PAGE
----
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More Hits Than Misses This Time

Good morning bloggers,

A swirling upper level summer storm system has moved by and weakened this morning. This system helped produce rather wide spread rainfall amounts in the 0.10″ to 2.50″ range near KC, with a bulls eye of close to 7″ as estimated on the radar network shown below:

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Now, look closely.  The areas with no colors shaded in are the areas that likely had not even 0.01″ of rain.   Yes, there were still some areas that got missed again.  I ended up with 0.93″ of rain for the entire total from three different bands of rain and thunderstorms.  The next good chance is showing up Thursday night:

gfs_z500_vort_us_9

The weather pattern is a summer version of this years LRC.  The cycling pattern continues, the one that set up last fall, and it will continue through the end of September before the new pattern will be welcome by most of us with an open heart in October.  The map above shows the 500 mb forecast, around 18,000 feet above us, valid Thursday night.  There is another disturbance heading southeast over the central plains extending northeast into the Great Lakes region.  This disturbance will track overhead Thursday night and it will produce thunderstorms, and once again they will be hit and miss.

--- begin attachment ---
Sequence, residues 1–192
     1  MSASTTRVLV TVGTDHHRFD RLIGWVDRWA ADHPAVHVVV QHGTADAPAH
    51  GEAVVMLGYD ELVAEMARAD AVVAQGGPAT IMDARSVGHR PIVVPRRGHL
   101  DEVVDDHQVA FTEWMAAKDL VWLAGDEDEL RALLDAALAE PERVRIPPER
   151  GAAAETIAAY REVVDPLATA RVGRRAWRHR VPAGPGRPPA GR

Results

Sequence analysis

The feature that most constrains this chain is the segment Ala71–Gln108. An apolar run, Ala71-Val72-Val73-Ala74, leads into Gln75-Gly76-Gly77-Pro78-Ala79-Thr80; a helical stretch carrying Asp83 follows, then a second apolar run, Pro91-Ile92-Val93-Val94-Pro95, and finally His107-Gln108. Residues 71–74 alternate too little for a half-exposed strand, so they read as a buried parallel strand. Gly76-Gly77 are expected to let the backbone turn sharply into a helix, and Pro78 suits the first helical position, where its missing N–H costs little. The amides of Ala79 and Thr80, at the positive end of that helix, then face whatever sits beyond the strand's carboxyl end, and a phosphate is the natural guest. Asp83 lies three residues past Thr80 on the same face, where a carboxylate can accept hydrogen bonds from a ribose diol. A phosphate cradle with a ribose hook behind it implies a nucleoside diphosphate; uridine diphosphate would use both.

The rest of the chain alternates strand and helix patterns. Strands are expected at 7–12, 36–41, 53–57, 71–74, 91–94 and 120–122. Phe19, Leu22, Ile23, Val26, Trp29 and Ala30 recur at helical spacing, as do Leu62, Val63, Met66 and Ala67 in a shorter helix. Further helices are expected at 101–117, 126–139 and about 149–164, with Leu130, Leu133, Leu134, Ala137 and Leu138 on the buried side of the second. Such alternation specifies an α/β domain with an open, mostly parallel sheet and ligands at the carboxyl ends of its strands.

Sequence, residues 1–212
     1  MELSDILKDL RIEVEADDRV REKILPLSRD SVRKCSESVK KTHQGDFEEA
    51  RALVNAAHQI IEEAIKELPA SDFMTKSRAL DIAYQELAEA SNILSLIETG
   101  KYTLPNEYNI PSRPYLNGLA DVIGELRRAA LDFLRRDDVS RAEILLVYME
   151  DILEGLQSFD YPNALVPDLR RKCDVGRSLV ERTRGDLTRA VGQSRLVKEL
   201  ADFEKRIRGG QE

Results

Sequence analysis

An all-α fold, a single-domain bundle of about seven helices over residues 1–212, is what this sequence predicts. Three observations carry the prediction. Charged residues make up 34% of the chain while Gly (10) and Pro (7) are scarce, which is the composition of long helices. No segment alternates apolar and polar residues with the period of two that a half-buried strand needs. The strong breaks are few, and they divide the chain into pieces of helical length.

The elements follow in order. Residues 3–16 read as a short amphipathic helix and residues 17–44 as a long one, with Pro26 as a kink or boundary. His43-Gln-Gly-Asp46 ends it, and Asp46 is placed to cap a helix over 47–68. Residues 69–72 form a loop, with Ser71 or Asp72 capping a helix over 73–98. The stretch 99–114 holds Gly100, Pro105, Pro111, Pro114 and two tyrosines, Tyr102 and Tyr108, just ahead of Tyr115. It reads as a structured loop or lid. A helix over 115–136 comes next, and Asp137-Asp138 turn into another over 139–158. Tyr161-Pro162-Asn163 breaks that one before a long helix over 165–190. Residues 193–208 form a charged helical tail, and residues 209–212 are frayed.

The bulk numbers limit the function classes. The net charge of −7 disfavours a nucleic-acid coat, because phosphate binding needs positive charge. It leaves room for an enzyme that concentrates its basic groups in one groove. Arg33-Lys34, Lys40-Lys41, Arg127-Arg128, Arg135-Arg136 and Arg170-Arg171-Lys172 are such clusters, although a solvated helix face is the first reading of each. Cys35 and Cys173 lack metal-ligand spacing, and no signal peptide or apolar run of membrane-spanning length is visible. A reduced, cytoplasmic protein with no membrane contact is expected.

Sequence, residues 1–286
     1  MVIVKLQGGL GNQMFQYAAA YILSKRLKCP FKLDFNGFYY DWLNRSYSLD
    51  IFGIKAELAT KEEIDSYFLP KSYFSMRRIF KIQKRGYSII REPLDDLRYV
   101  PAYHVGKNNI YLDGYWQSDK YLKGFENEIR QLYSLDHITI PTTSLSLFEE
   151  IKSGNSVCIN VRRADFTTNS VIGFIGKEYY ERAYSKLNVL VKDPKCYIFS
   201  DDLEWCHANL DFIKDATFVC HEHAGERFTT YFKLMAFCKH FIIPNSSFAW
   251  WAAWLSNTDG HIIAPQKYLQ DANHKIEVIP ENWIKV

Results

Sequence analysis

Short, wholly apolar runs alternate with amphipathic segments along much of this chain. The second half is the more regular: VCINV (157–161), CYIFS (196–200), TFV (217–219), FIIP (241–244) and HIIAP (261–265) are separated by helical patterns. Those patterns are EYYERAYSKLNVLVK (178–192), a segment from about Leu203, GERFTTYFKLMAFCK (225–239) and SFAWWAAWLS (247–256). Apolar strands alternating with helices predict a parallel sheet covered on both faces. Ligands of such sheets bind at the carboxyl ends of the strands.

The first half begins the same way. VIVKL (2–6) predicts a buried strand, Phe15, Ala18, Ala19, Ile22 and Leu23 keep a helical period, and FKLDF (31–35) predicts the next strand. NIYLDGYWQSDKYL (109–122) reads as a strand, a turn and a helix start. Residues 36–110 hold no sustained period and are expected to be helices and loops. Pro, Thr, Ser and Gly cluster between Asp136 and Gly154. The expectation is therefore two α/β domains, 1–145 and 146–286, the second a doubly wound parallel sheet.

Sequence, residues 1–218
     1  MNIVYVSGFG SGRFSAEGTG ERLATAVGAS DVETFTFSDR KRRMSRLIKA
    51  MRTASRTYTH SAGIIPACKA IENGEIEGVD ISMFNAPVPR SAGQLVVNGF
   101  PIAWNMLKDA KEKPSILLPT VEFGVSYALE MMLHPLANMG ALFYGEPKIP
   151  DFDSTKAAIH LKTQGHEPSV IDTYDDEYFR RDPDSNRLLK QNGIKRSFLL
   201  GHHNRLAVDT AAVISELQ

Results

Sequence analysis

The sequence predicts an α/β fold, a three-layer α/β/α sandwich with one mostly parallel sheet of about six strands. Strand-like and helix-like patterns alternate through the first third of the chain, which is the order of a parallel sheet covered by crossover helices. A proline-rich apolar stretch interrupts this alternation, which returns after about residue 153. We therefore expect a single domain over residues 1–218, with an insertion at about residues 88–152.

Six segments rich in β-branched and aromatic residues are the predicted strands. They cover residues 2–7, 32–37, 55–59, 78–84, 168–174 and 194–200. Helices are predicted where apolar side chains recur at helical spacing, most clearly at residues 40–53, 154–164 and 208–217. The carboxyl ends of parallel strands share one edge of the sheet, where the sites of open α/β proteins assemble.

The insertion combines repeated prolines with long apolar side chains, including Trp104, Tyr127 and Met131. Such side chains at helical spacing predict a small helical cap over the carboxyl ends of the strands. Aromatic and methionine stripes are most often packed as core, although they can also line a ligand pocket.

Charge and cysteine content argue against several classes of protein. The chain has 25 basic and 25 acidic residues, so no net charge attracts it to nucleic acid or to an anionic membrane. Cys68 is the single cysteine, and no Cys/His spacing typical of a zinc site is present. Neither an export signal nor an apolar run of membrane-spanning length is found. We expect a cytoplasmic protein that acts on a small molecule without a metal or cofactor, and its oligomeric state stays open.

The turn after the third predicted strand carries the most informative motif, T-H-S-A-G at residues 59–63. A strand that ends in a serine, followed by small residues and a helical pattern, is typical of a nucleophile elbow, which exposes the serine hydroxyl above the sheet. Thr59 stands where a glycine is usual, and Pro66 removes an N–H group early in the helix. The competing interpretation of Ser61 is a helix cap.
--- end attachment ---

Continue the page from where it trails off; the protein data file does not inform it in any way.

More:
gfs_mslp_pcpn_frzn_us_8

Let’s see how this sets up in the next two days.  We are still underneath the cold pool aloft from the upper level storm that tracked over the plains yesterday. There may be enough instability for a few showers and thunderstorms today.  Have a great day and thank you for sharing in this weather experience featuring Weather2020 and the LRC. Go over to the Weather2020 blog to join in the conversation.

Gary

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